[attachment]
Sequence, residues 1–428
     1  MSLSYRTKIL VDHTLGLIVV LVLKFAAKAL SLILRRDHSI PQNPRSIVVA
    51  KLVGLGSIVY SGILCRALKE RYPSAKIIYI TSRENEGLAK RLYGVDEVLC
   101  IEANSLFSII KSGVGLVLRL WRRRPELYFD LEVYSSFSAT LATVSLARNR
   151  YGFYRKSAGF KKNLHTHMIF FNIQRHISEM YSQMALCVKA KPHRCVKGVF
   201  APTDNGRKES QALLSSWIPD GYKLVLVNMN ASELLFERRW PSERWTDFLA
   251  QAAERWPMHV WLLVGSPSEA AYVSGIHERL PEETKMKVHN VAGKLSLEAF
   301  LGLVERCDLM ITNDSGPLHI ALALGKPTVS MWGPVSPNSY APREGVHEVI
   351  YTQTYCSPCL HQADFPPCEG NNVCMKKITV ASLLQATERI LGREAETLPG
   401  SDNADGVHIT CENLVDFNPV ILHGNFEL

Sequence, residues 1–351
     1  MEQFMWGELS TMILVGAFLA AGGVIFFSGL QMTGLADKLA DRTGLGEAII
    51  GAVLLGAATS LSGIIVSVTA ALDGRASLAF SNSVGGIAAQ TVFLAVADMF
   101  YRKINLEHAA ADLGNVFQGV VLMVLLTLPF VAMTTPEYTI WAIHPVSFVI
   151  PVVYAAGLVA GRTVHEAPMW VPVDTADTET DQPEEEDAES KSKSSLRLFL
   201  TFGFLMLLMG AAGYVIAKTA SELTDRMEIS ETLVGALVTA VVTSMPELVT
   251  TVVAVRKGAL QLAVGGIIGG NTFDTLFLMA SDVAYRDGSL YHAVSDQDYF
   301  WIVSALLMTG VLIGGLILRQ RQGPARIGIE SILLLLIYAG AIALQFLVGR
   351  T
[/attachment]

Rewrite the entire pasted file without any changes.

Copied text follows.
Sequence, residues 1–428
     1  MSLSYRTKIL VDHTLGLIVV LVLKFAAKAL SLILRRDHSI PQNPRSIVVA
    51  KLVGLGSIVY SGILCRALKE RYPSAKIIYI TSRENEGLAK RLYGVDEVLC
   101  IEANSLFSII KSGVGLVLRL WRRRPELYFD LEVYSSFSAT LATVSLARNR
   151  YGFYRKSAGF KKNLHTHMIF FNIQRHISEM YSQMALCVKA KPHRCVKGVF
   201  APTDNGRKES QALLSSWIPD GYKLVLVNMN ASELLFERRW PSERWTDFLA
   251  QAAERWPMHV WLLVGSPSEA AYVSGIHERL PEETKMKVHN VAGKLSLEAF
   301  LGLVERCDLM ITNDSGPLHI ALALGKPTVS MWGPVSPNSY APREGVHEVI
   351  YTQTYCSPCL HQADFPPCEG NNVCMKKITV ASLLQATERI LGREAETLPG
   401  SDNADGVHIT CENLVDFNPV ILHGNFEL

Sequence, residues 1–351
     1  MEQFMWGELS TMILVGAFLA AGGVIFFSGL QMTGLADKLA DRTGLGEAII
    51  GAVLLGAATS LSGIIVSVTA ALDGRASLAF SNSVGGIAAQ TVFLAVADMF
   101  YRKINLEHAA ADLGNVFQGV VLMVLLTLPF VAMTTPEYTI WAIHPVSFVI
   151  PVVYAAGLVA GRTVHEAPMW VPVDTADTET DQPEEEDAES KSKSSLRLFL
   201  TFGFLMLLMG AAGYVIAKTA SELTDRMEIS ETLVGALVTA VVTSMPELVT
   251  TVVAVRKGAL QLAVGGIIGG NTFDTLFLMA SDVAYRDGSL YHAVSDQDYF
   301  WIVSALLMTG VLIGGLILRQ RQGPARIGIE SILLLLIYAG AIALQFLVGR
   351  T